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Mental Health

30. Dr. Naysmith: To ask the Secretary of State for Health if he will make a statement on developments in the treatment of mental health patients in the Avon health authority area. [26390]

Ms Blears: Avon and Wiltshire Mental Health Partnership NHS Trust have plans in place to progress towards the achievement of the targets set out in the mental health national service framework. The trust is working closely with other local NHS bodies to finalise the outline business case for the £68 million scheme for the modernisation of mental health services in Avon.

Mr. Heald: To ask the Secretary of State for Health how much of the £56 million allocated for high security places for dangerous and severe personality disorder persons in the NHS and for hostel places has so far been spent; and how many NHS places and hostel places have been provided. [10528]

Jacqui Smith: New dangerous and severe personality disorder (DSPD) units at Rampton and Broadmoor will deliver 140 places for dangerous and severe personality disorder persons by 2004. These are complex schemes, involving major innovations both in design, and in the approach to service delivery.

Work has concentrated initially on the Rampton site. To date, there has been capital expenditure of £412,000 at Rampton with a projected spend of £500,000 by year end. This is being committed to meet the costs of early design work, design team fees, and to refurbish accommodation for the DSPD team in Rampton. Work will commence on site in March 2002, with completion due in June 2003, and the expenditure of capital has been profiled to achieve this output. The unit is planned to open in the autumn of 2003. Work on the unit at Broadmoor is at an earlier stage of development, and no capital has been committed. However, it is on target to open in 2004.

Revenue spend on the Rampton and Broadmoor developments is projected to be £0.35 million this year. This will meet staff costs. At Rampton these costs include the salaries for the project director, consultant psychiatrist, nurse manager, consultant psychologist, business manager, security adviser and secretarial staff. There are also running costs for the DSPD team accommodation, and the costs of a one off study tour of Holland and Germany. At Broadmoor these costs include salaries for the project director and consultant psychiatrist.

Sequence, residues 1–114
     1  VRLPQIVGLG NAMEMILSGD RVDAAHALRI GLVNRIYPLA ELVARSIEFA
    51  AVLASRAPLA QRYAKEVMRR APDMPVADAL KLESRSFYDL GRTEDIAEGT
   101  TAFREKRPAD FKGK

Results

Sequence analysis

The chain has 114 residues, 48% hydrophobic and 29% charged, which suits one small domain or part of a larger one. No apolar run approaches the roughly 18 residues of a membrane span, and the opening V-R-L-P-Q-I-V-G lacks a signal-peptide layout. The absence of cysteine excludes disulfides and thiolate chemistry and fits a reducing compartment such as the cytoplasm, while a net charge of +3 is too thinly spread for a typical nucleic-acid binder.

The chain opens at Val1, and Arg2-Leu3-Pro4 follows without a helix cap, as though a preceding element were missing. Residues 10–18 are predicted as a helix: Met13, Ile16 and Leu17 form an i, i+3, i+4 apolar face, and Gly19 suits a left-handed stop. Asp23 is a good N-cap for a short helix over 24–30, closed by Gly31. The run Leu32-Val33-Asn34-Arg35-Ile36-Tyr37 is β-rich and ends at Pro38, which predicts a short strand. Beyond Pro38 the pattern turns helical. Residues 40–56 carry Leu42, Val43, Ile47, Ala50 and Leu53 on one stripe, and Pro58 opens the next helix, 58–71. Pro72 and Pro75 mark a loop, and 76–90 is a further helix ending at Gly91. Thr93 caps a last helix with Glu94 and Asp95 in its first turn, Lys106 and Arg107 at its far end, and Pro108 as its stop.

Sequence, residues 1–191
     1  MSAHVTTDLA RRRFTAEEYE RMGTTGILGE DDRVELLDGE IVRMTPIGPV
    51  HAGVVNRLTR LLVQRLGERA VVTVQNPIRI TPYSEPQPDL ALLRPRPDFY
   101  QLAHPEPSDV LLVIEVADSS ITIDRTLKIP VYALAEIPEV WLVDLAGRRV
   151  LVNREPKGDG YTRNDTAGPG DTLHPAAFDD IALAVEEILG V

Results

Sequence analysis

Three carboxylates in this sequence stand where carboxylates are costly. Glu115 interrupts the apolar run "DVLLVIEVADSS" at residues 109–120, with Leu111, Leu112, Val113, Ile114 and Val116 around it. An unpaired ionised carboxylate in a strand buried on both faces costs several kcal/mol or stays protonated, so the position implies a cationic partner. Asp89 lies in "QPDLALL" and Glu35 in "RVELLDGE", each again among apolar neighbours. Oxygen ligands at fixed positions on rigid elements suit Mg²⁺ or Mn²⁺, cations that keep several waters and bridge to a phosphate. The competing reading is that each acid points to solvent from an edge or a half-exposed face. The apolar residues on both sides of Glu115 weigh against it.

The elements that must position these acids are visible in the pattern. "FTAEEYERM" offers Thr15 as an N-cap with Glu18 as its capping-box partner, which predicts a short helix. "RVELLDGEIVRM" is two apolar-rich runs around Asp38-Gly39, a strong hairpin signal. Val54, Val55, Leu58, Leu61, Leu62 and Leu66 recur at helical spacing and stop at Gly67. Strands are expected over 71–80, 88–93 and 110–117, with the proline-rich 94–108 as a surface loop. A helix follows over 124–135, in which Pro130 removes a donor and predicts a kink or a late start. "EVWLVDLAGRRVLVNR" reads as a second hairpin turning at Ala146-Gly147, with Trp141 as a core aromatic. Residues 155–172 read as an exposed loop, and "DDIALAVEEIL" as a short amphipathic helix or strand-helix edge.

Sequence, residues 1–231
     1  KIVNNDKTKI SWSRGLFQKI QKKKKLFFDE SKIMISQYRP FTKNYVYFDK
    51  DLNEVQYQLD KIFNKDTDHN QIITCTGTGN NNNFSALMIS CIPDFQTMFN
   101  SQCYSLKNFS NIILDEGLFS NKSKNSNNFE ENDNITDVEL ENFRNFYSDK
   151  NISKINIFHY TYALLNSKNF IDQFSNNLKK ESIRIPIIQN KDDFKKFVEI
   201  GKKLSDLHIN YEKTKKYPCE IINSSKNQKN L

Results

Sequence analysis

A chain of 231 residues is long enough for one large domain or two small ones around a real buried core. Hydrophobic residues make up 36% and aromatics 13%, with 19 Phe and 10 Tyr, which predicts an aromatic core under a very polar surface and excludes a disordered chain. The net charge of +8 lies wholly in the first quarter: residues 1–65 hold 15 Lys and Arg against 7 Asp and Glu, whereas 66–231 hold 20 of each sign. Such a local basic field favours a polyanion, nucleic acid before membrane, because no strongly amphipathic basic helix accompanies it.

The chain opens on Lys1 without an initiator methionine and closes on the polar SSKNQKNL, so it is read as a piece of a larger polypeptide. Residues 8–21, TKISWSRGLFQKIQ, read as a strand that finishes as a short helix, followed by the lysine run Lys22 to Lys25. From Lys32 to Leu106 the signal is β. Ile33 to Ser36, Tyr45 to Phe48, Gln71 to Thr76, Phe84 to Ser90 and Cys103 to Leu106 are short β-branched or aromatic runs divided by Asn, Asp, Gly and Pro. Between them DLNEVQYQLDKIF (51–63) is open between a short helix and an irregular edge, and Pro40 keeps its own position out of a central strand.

We have decided that money originally earmarked for community hostel places should be allocated to a range of pilot provision within medium secure units and community settings, in order to provide step down care from high security.

Two units will open in early 2003 with a total of 23 beds for offenders with severe personality disorder, and community teams will be established in three locations to deliver care and treatment to this client group in community settings from 2002–03. The capital allocation of £3.5 million for these schemes will be committed over 2002–03.

Work on both sites is proceeding more slowly than originally anticipated in order to ensure that robust local dialogue takes place in advance of any application for planning permission. It is now estimated that about

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£50,000 will be committed this year. This will meet the cost of training events for the new clinical teams, together with travel expenses, plus commissioning a study to look at the development of staff competencies and staff training needs in working with people with DSPD in forensic settings.

Ms Dari Taylor: To ask the Secretary of State for Health what recent progress he has made in improving the treatment of mental health patients. [26382]

Jacqui Smith: All of the targets set to be achieved by this date in the National Service Framework for Mental Health have been met. These include almost 500 additional secure beds; over 320 24-hour staffed beds; 170 assertive outreach teams; access to services 24 hours a day, seven days a week, 365 days a year for all those with complex mental health problems; investment to improve the physical environments in psychiatric wards; and guidance issued to ensure the safety, privacy and dignity of mental health patients.

Funding Formula

31. Linda Perham: To ask the Secretary of State for Health what plans he has to revise the funding formula for the allocation of resources to health authorities in England and Wales. [26391]

Mr. Hutton: A wide ranging review of the weighted capitation formula used to allocate resources to health authorities and primary care trusts in England is currently taking place. A key criterion of the new formula will be to contribute to the reduction of avoidable health inequalities. The intention is that, following the review, the new formula will be ready for 2003–04 allocations.

Issues relating to a review of the funding formula for resource allocation in Wales, are a matter for the National Assembly for Wales.